EURO GOVT-Peripheral risk premiums fall on ECB bond-buying

* Portugal, Ireland outperform as ECB continues bond-buying

* Yield spreads still vulnerable to widening in medium-term

* Bund futures pare losses on below-forecast U.S. jobs data

By William James

LONDON, Dec 3 (BestGrowthStock) – Risk premiums on government bonds
issued by Ireland and Portugal fell on Friday, driven by
European Central Bank bond-buying, though below-forecast U.S.
jobs data curbed some investor risk appetite.

Bund futures (FGBLc1: ) remained slightly lower on the day,
but pared losses by more than half a point after U.S. non-farm
payrolls data came in well below expectations, stoking
safe-haven demand.

Traders said the ECB bought Irish and Portuguese bonds on
Friday, though volumes were thin.

“It’s not massive, but we’ve seen them buying 10-year
Portugal and Ireland,” a trader said.

Purchases in the previous session had also helped drive
yields on peripheral debt lower. Buying was more active than
usual, traders said, during ECB President Jean-Claude Trichet’s
news conference on Thursday at which he made no commitment to
extend the bond-purchase programme, launched in May to help calm
the debt crisis.

The Portuguese (PT10YT=TWEB: ) bond yield spread versus German
debt tightened to 43 basis points to 313 bps, its narrowest
since late August and more than 150 basis points below the euro
lifetime high of 480 bps seen earlier this month.

The equivalent Irish (IE10YT=TWEB: ) spread tightened by 43
bps to 565 bps.

Italian and Spanish bond yields spreads were flat on the day
reversing an earlier tightening, which had seen the 10-year
Spanish yield (ES10YT=TWEB: ) fall below 5 percent for the first
time in 10 days.

“If (the ECB) are focusing in a targeted manner, it’s on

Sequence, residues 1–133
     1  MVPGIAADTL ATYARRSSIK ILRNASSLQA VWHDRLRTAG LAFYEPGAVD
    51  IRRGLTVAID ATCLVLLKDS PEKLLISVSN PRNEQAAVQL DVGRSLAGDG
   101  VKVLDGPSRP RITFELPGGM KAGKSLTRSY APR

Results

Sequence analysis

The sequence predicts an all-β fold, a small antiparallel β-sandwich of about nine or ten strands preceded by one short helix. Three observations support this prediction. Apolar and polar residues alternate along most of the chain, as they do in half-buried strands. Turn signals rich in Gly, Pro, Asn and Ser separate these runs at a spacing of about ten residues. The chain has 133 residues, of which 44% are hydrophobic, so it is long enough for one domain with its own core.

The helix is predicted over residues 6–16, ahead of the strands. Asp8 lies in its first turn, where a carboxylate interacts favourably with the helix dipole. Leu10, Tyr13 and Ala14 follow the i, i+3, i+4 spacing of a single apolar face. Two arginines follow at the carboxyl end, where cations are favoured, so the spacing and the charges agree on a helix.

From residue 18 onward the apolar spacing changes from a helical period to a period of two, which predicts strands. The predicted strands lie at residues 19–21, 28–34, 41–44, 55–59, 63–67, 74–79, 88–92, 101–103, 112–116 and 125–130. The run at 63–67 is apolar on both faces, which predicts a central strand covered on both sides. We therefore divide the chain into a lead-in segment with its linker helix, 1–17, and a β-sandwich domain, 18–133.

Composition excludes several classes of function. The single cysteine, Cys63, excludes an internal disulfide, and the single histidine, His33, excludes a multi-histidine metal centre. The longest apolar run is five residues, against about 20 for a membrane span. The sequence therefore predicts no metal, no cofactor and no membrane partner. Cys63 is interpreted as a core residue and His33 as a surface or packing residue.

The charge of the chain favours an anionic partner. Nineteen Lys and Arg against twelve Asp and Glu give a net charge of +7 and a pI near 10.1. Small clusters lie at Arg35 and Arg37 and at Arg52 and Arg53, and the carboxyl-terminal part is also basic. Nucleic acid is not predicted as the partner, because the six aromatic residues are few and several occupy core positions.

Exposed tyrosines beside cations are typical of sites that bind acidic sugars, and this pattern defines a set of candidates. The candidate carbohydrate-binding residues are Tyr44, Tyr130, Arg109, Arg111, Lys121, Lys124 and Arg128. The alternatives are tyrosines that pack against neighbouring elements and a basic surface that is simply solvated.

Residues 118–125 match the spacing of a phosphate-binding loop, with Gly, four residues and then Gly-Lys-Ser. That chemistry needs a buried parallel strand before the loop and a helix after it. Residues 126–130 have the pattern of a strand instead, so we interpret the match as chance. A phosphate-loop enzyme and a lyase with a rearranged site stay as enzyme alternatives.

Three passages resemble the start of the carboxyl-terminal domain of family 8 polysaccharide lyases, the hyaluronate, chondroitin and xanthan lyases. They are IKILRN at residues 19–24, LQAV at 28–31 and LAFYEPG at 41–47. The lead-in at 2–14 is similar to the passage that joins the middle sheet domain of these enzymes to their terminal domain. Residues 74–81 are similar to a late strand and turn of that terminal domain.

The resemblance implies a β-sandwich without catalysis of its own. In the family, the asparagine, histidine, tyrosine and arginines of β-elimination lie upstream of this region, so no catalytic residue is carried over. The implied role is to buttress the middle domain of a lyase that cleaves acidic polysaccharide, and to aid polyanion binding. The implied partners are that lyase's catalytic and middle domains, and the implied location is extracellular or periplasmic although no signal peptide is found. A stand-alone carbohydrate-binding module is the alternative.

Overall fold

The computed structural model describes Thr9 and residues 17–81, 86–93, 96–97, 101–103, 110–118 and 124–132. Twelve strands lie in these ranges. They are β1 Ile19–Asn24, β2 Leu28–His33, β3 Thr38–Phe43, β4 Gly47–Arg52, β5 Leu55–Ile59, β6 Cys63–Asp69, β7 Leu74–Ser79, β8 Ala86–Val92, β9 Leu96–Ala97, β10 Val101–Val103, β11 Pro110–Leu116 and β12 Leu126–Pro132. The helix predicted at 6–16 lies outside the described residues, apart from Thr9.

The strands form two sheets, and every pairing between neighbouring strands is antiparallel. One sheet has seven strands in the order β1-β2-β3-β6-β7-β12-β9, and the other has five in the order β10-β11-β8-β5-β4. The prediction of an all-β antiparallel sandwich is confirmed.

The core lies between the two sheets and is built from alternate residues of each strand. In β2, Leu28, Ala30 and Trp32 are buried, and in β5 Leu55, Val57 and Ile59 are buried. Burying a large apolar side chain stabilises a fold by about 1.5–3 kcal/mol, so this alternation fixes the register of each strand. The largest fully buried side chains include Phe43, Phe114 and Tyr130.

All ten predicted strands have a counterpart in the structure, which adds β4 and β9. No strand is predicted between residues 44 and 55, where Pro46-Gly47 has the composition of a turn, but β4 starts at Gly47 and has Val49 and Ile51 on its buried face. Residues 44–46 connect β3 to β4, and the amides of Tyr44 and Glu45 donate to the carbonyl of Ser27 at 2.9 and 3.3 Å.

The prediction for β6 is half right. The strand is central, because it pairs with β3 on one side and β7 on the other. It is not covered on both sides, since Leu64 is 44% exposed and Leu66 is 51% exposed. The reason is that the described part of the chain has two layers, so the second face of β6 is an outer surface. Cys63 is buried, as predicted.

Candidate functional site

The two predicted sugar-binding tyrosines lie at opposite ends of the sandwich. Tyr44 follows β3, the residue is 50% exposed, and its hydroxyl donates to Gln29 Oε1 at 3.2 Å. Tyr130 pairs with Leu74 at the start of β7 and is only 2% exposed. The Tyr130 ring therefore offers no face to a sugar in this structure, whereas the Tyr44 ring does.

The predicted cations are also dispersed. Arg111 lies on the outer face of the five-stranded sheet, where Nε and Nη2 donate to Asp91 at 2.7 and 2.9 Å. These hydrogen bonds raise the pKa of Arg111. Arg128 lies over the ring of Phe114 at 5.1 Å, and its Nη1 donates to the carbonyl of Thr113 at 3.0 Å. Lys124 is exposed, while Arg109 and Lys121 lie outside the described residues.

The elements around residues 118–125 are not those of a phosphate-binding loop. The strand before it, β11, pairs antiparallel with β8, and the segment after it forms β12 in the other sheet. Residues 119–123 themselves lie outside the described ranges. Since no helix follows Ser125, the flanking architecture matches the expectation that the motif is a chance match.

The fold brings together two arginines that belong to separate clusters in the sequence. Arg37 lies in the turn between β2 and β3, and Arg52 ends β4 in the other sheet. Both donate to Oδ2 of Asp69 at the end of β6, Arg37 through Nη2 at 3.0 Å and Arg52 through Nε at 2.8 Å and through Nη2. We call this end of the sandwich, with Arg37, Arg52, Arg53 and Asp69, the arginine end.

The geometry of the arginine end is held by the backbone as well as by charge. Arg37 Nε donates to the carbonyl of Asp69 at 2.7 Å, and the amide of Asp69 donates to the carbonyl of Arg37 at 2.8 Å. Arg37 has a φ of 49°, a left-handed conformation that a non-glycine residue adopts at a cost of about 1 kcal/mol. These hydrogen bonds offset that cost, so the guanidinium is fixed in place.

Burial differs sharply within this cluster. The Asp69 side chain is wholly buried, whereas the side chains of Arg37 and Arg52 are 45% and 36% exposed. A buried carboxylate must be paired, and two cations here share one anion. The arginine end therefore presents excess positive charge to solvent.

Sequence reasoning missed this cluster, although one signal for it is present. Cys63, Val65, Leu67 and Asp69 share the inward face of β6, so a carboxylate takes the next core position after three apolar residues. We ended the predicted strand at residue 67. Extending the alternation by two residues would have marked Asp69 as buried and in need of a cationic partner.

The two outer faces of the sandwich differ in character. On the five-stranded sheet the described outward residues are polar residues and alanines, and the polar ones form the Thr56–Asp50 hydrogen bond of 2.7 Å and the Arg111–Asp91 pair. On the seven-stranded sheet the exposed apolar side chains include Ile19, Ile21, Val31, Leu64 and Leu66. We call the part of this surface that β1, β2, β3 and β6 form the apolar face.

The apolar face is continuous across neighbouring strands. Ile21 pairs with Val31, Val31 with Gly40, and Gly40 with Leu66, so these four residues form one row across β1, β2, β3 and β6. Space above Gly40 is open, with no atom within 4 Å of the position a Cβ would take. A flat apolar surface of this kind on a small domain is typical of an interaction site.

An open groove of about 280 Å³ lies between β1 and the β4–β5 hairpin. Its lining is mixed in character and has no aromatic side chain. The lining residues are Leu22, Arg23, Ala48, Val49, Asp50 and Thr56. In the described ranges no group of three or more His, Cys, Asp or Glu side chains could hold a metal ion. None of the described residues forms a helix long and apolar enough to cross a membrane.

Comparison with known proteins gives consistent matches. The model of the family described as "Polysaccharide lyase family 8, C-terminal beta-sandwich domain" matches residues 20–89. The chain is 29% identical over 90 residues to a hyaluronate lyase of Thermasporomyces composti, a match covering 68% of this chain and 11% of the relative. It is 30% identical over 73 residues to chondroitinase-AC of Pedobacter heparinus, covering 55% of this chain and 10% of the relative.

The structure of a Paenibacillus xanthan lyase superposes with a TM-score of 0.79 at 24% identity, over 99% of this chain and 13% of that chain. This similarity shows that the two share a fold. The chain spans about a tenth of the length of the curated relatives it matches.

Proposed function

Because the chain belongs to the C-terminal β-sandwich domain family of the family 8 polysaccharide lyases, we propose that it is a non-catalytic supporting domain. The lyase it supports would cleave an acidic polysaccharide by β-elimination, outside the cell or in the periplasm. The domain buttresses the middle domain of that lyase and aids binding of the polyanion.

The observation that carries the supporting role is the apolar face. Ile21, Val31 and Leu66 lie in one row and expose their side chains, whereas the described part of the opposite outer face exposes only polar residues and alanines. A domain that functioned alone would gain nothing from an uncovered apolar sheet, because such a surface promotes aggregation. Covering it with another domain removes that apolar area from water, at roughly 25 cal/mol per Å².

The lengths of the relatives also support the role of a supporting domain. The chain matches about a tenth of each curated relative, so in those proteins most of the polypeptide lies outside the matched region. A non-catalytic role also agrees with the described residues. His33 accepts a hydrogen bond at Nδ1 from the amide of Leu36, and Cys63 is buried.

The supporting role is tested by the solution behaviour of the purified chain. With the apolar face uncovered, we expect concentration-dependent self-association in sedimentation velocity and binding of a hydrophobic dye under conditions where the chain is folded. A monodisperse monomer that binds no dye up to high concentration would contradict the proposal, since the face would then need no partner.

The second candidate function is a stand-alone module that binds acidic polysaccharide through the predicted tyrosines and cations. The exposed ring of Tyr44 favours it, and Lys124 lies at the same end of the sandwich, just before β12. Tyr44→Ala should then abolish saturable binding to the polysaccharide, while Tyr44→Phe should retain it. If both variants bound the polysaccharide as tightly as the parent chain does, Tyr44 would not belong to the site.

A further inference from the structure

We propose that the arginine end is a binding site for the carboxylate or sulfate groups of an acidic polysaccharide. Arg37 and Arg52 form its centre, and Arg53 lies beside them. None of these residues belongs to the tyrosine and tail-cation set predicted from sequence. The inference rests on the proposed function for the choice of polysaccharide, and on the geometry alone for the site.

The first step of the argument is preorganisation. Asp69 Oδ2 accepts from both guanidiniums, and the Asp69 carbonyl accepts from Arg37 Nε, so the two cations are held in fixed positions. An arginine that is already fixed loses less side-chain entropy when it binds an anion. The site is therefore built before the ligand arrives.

Portugal and Ireland, and it’s not going to be on Italy,” said
Chris Scicluna, deputy head of economic research at Daiwa
Capital Markets.

“What we saw the last couple days was a bit more hope over
substance in terms of supporting (Italian and Spanish) markets.”

Analysts said the ECB’s presence in the market did not
represent the major scaling-up of the bank’s bond-buying scheme
some had predicted, and that spreads remained vulnerable to
fresh widening.

“It remains to be seen whether the ECB is really picking up
the pace of bond-buying, but I wouldn’t count on it. They’ve
certainly shown a lack of appetite in the past,” said Everett
Brown, strategist at IDEAglobal in London.

“Considering the underlying problems in term of fiscal
challenges and creditworthiness, and I doubt investor confidence
will really return this side of the new year, I fear spreads may
start to rebound again.”

Details of the ECB’s bond purchases, due to be released
early next week, will not include all bonds purchased on
Wednesday, Thursday and Friday as the data is based on trades
which may take up to three days to settle.


What can the ECB do? [ID:nLDE6AS0F6]

Euro zone debt timeline:

Take a Look on euro debt crisis: [ID:nLDE68T0MG]

Euro zone crisis coverage

Graphic on debt crunch:

U.S. payrolls preview



Bund futures (FGBLc1: ) were flat at 126.46, having earlier
reached their lowest since mid-May.

U.S. employment increased less than expected in November and
the jobless rate jumped to a seven-month high of 9.8 percent,
dampening hopes for a self-sustaining economic recovery.

“This is definitely a sign that the U.S. labour market
recovery is not on track and is not improving … compared to
expectations this is an awful labour market report,” said
Kornelius Purps, strategist at Unicredit in Munich.

“I think there’s a good chance that we are closing today on
a substantially firmer tone in the Bund market and that this
sentiment will carry over into next week,” Purps said.

Two-year German yields (DE2YT=TWEB: ) were down 1.2 bps at
0.86 percent and the 10-year yield (DE10YT=TWEB: ) was up 1.7
basis points at 2.83 percent.
(Additional reporting by Anna Yukhananov; editing by Stephen

EURO GOVT-Peripheral risk premiums fall on ECB bond-buying